Baptism is a practice familiar to many people today, but it was unknown to the Old Testament Israelites. When John the Baptist began to baptize, he did something different from anything practiced by Jews in Old Testament times. Under the law of Moses the Israelites had regular ritual cleansings, like hand washings and foot washings, but the law gave no instruction for ceremonial bathing or for rituals involving immersion of the entire body.
The Old Testament is silent about baptism, but history gives some insight into when baptism began to first be practiced in Israel. Apparently, the Jews in the time period between the completion of the Old Testament and the birth of Jesus began to engage in immersion as a form of ceremonial cleansing. This ritual bathing is still practiced by some Jews today as a rite of purification. John the Baptist was not the first to baptize. He appears to have taken the practice and administered it as a sign of repentance among the Israelites.
In Matthew 3 John preached a message of coming judgment. The nation of Israel had been through times of judgment before. The last Divine judgment cut them off as a self-governing nation. From the beginning of the Babylonian captivity all Jews were subjects of other nations. First they were subject to Babylon, then Persia, Greece and finally Rome. Israel suffered six hundred years of subjugation because of their disobedience to God. John’s warning of impending judgment affected many hearts. Those who believed the warning repented of their sin and were baptized. “John verily baptized with the baptism of repentance, saying unto the people, that they should believe on him which should come after him, that is, on Christ Jesus.” (Acts 19:4)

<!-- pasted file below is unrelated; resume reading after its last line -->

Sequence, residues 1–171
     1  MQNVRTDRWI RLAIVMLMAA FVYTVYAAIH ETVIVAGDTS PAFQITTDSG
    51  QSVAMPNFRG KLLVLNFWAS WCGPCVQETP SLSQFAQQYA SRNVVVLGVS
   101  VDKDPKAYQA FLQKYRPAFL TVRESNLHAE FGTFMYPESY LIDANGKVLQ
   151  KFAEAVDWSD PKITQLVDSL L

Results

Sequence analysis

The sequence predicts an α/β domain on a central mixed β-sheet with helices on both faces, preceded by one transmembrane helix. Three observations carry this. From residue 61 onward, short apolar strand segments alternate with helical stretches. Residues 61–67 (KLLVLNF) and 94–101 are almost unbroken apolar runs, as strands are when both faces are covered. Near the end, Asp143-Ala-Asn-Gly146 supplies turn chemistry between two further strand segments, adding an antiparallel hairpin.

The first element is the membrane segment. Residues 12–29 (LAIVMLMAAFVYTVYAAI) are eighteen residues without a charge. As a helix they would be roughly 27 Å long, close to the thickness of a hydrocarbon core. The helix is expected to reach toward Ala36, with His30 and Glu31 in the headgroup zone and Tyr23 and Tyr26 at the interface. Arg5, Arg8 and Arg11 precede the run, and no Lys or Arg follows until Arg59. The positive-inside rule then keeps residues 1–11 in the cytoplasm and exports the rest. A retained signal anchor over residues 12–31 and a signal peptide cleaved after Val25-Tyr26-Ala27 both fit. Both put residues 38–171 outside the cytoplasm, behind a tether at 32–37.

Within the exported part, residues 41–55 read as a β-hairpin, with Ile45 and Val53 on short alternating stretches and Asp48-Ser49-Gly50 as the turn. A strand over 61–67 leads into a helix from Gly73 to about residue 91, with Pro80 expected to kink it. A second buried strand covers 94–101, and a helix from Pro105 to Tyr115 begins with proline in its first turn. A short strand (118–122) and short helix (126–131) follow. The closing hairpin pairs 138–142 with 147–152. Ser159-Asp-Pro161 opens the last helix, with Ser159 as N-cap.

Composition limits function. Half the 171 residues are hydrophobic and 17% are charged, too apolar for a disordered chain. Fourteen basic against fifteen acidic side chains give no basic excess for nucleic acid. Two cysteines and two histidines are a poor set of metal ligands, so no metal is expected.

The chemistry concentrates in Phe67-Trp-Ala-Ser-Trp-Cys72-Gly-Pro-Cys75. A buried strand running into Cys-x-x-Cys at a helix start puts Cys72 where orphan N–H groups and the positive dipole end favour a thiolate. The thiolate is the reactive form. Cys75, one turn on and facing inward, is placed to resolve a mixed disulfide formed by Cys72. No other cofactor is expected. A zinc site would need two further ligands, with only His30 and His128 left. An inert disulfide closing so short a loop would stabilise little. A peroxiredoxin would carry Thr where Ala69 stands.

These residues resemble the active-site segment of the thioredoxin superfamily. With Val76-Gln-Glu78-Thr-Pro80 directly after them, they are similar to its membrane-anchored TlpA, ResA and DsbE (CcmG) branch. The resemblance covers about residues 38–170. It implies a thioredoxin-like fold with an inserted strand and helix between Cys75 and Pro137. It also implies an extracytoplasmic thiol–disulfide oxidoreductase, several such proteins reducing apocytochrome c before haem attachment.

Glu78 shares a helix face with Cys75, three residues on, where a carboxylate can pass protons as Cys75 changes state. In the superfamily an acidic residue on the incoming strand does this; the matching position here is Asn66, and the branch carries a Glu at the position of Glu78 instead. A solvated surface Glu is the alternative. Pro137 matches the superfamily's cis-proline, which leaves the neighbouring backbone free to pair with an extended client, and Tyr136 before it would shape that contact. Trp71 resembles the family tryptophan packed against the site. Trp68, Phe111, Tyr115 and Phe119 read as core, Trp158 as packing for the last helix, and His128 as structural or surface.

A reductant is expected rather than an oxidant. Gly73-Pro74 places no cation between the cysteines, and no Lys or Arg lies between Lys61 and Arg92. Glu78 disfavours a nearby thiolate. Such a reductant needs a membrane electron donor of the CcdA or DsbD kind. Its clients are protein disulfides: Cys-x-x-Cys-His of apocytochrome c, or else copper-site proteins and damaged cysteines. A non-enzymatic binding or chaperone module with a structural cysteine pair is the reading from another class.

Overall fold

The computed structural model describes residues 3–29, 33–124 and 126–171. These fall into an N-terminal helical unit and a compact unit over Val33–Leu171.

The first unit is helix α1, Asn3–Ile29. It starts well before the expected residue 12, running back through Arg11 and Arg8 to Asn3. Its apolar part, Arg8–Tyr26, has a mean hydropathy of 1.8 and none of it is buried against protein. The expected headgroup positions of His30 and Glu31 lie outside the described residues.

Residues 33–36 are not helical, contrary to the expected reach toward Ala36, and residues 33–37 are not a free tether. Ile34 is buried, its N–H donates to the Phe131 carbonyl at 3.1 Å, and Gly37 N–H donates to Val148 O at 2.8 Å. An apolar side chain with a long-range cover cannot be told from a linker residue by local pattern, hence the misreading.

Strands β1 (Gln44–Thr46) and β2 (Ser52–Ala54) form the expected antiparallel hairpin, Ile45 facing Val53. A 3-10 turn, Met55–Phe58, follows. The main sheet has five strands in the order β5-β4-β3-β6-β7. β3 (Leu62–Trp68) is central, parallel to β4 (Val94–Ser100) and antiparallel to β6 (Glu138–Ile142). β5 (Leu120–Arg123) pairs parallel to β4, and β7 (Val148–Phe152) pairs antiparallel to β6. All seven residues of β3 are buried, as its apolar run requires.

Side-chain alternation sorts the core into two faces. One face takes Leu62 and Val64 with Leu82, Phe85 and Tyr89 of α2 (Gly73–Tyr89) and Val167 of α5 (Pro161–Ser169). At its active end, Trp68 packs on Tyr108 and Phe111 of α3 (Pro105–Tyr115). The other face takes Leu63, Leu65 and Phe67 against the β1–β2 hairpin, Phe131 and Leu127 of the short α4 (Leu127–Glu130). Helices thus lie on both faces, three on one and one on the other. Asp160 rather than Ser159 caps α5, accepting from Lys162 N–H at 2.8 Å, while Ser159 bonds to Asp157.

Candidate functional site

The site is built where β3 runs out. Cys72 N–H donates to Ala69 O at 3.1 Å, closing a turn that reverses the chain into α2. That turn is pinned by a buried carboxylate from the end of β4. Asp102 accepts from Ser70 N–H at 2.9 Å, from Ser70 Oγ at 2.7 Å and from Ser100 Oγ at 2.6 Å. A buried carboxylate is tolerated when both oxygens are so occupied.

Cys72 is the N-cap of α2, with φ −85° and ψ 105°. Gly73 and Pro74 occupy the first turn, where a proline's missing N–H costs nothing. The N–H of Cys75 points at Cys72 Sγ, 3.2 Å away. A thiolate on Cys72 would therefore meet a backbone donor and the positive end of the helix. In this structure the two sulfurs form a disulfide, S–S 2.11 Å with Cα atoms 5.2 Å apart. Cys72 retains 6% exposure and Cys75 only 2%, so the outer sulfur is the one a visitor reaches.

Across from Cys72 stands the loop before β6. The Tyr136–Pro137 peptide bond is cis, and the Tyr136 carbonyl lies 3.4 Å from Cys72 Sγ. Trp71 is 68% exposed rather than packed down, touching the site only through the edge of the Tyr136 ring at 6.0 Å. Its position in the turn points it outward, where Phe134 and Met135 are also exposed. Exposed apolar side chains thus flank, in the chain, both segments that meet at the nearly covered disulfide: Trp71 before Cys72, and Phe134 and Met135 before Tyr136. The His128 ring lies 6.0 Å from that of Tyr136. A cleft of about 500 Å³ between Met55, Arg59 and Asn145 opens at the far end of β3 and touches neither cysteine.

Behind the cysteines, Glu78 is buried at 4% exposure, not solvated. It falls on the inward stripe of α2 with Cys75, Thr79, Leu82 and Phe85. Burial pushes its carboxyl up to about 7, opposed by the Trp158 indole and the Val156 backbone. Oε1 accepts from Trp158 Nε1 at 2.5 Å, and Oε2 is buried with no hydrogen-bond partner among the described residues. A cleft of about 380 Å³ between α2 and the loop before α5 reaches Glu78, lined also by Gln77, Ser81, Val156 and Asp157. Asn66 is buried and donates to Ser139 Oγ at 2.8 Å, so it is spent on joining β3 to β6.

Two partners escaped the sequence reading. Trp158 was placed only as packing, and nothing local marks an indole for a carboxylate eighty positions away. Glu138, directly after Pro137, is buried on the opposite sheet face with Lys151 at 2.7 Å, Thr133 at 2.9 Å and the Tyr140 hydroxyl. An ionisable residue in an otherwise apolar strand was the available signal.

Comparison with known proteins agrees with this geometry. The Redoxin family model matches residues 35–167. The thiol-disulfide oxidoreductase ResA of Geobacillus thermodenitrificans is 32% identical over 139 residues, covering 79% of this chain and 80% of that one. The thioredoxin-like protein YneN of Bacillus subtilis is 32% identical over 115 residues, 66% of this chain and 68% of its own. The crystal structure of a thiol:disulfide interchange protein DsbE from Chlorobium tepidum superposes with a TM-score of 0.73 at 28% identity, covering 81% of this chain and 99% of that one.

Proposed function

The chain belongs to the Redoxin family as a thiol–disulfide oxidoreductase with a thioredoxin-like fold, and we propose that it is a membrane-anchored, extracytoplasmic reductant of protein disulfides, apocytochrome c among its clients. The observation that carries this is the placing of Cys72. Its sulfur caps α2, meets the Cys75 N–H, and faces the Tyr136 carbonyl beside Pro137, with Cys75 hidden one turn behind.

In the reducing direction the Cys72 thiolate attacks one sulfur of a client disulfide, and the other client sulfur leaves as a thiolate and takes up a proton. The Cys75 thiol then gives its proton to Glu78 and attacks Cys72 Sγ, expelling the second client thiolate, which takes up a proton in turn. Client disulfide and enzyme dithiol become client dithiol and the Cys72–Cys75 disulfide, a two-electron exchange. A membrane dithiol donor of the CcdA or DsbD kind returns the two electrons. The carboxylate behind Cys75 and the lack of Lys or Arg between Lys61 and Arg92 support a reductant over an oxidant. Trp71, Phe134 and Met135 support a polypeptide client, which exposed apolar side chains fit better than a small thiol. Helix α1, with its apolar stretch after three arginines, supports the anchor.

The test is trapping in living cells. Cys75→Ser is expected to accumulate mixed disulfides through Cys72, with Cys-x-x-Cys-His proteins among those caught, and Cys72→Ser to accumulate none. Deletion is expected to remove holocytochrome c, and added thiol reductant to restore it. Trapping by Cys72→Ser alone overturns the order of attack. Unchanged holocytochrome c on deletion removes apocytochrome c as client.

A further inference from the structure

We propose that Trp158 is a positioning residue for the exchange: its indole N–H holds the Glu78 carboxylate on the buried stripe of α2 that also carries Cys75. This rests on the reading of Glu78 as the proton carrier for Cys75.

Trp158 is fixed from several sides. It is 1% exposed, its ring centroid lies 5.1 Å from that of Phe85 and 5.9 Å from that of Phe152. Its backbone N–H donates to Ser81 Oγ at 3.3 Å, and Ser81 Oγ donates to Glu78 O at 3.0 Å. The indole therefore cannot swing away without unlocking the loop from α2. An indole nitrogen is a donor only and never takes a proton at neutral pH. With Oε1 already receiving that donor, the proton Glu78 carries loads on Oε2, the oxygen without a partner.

John’s baptism was not Christian baptism. John did not baptize those who confessed Jesus as their Savior. John baptized those who were looking forward to the coming Messiah. Jesus is the promised Messiah, but when John’s ministry began very few people in Israel knew this fact. John preached that the Messiah was coming, but did not point Jesus out as the “Lamb of God, which taketh away the sin of the world” until Jesus began his public ministry. John’s baptism was given in preparation to receive the Messiah.
John’s baptism was also directly related to his ministry as the forerunner of Christ. John’s baptism was a picture that pointed the Jews to the greater work Christ would do for those who believe. “I indeed baptize you with water unto repentance: but he that cometh after me is mightier than I, whose shoes I am not worthy to bear: he shall baptize you with the Holy Ghost, and with fire.” (Matthew 3:11)
John’s baptism did not bring salvation to anyone. It was a sign of repentance and of readiness to receive the coming Savior. John’s baptism also provided an important transition to the practice of baptism in the church. The baptism administered by John the Baptist was a forerunner of Christian baptism that today testifies of the death, burial and resurrection of Jesus for our sin. The baptism of John the Baptist was a testimony of readiness to receive the Messiah. Christian baptism is a testimony of having received Jesus